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Engender: Innovation for dairy farms

Initiative type:
Start-up (Exited)
Sector:
Agriculture & Food
Website:

Opportunity

To maintain milk production, as well as to breed the next generation of heifers, dairy cows must calve every year. Traditionally, half the progeny is male. These bobby calves, worth little on the market, are typically slaughtered within days of birth. Famers and animal genetics companies are keen to improve animal welfare and recognise that this practice is unsustainable. The best way of preventing it is to keep male calves from being conceived.

Sperm have an X (female) or Y (male) chromosome, which determines the sex of the calf. Existing methods for separating X from Y sperm are imperfect, expensive and can damage sperm, lowering fertility rates. Waipapa Taumata Rau, University of ƵProfessor Cather Simpson thought she could do better.

Lasers separate sperm using patented technique

Simpson, a laser expert and founder of the University’s , developed a method to separate sperm using photonics and microfluidics.

“We use one laser to orient sperm cells, a second to do fluorescent measurements to distinguish cells carrying X and Y chromosomes—the males are slightly less bright because the Y chromosome is slightly smaller than the X chromosome—and a third laser to separate them,” Simpson told Physics Today.

“We use one laser to orient sperm cells, a second to do fluorescent measurements to distinguish cells carrying X and Y chromosomes... and a third laser to separate them.”
Professor Cather Simpson

Engender’s method is gentler than other methods, resulting in a higher rate of sperm viability. Because the technology uses microfluidics on a chip rather than a dedicated laboratory, it's also more cost-effective.

Simpson founded Engender in 2011 with the support of UniServices and seed investment firm Pacific Channel. With Simpson as Chief Scientific Officer, the company soon developed a strong IP portfolio and attracted more investment and positive attention.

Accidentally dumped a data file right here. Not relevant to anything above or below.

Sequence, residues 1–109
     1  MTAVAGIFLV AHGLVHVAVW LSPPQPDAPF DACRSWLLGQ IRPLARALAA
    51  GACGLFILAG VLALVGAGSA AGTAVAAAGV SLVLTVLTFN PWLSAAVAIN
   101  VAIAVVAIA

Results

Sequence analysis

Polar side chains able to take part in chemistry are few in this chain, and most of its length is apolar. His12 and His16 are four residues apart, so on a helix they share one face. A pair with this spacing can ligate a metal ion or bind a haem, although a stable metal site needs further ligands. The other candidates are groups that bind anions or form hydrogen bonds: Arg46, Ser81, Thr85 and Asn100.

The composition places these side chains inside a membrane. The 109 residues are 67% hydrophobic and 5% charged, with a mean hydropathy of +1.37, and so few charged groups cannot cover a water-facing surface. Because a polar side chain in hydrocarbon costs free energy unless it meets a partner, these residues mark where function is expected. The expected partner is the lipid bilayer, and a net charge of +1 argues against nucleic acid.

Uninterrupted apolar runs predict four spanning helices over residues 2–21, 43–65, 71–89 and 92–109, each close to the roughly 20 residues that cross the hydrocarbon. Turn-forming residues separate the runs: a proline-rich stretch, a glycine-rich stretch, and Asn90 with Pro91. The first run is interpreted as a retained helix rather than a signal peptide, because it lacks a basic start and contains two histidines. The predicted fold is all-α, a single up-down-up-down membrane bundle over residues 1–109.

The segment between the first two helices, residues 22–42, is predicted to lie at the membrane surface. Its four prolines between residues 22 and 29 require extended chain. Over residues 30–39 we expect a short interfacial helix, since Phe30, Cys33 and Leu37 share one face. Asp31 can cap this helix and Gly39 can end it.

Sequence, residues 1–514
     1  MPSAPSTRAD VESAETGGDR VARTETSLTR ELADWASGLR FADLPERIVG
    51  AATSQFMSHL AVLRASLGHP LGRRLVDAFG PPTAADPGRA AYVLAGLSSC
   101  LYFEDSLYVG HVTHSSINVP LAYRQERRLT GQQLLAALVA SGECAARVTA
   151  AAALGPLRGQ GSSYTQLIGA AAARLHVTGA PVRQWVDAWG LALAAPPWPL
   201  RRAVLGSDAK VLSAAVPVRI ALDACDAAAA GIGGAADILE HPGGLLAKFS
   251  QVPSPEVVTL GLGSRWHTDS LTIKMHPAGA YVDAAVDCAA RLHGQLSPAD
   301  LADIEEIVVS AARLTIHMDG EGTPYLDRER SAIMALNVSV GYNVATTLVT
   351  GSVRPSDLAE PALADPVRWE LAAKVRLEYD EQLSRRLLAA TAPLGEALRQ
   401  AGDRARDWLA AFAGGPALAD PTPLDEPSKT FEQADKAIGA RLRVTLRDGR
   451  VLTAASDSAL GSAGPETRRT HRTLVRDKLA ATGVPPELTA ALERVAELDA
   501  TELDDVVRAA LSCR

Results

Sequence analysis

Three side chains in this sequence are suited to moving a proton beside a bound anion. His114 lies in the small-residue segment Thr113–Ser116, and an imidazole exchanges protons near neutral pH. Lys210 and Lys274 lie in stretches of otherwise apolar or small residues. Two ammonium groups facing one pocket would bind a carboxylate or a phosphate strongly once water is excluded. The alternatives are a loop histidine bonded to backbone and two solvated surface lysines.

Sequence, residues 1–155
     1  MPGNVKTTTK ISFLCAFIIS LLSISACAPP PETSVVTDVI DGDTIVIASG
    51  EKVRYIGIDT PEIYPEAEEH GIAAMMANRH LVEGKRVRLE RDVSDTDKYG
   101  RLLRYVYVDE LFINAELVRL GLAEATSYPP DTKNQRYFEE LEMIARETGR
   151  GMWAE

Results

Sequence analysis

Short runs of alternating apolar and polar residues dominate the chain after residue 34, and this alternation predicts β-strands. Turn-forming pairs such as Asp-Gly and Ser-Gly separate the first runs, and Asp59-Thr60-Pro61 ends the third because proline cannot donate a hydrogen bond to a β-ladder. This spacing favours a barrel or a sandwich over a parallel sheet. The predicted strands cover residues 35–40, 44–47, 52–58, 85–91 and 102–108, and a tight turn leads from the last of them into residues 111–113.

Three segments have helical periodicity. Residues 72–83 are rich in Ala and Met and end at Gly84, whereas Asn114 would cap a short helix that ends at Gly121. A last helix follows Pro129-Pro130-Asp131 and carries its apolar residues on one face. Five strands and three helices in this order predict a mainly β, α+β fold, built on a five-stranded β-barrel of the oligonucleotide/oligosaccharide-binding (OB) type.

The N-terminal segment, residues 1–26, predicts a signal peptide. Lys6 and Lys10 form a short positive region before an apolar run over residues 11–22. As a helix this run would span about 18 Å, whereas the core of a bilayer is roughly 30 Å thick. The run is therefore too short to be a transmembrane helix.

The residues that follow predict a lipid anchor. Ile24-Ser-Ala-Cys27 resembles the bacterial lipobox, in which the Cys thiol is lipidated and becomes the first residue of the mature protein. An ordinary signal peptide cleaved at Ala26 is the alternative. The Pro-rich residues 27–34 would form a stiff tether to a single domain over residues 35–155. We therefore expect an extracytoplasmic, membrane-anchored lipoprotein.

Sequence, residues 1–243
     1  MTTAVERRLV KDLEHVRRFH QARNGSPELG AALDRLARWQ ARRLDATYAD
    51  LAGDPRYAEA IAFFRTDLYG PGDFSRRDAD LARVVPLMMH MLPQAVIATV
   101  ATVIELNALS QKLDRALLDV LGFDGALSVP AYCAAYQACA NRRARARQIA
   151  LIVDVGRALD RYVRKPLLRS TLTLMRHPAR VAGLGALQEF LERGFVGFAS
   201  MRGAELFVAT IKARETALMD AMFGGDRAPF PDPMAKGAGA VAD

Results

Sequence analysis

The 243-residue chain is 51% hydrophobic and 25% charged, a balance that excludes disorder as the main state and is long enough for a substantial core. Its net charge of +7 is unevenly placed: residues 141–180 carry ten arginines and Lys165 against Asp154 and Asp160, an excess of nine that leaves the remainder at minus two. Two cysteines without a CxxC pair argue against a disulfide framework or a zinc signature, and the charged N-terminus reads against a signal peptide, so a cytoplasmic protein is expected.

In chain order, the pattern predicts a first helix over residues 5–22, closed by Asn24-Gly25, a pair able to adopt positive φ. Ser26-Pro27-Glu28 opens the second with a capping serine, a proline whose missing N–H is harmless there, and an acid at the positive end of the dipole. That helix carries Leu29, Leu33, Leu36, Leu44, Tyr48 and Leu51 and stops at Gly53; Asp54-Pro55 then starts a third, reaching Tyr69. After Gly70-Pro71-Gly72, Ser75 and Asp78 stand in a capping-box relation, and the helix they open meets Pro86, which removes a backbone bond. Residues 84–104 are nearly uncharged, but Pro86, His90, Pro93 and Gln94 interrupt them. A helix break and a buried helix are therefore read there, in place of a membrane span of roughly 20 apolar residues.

In 2016, the start-up won an AgFunder Innovation award and the Ag-Tech Sector of the World Cup Tech Challenge in Silicon Valley.

Will Charles
“It’s a great example of a company spinning out from the University, developing a product and being acquired by a larger company that stays local to keep the talent that can develop the technology.”
Will Charles,
Executive Director of Commercialisation, UniServices

Then, while Engender was undertaking a Series B funding round, it received an acquisition offer from CRV International, a multinational farmer cooperative focused on livestock genetics. The deal closed in 2018 and the original investors, including UniServices, exited, making handsome profits.

“It’s a great example of a company spinning out from the University, developing a product and being acquired by a larger company that stays local to keep the talent that can develop the technology,” says UniServices Executive Director of Commercialisation Will Charles. “It demonstrates to academics and students what’s possible.”

Performance

Engender opened a state-of-the-art research and development lab in Ƶin 2020. Having also co-founded UniServices-backed  and maintaining an academic role at the University, Simpson is no longer involved on a day-to-day basis.

“That’s as it should be,” says Charles. “The company has moved to an engineering and scale-up phase, and Cather is a physicist, not a production engineer or product manager. The technology has been transferred as fast as possible to the private sector, so as far as UniServices is concerned, we’ve done our job.”

Engender is still going strong and Simpson has been recognised for her science commercialisation successes. She won the Royal Society of New Zealand’s prestigious Pickering Medal in 2019 and was named Commercialisation Icon, the top award in the KiwiNet Research Commercialisation Awards, in 2022.

“The company has moved to an engineering and scale-up phase... The technology has been transferred as fast as possible to the private sector, so as far as UniServices is concerned, we’ve done our job.”
Will Charles, UniServices Executive Director of Commercialisation
image across 2 cols
Professor Cather Simpson
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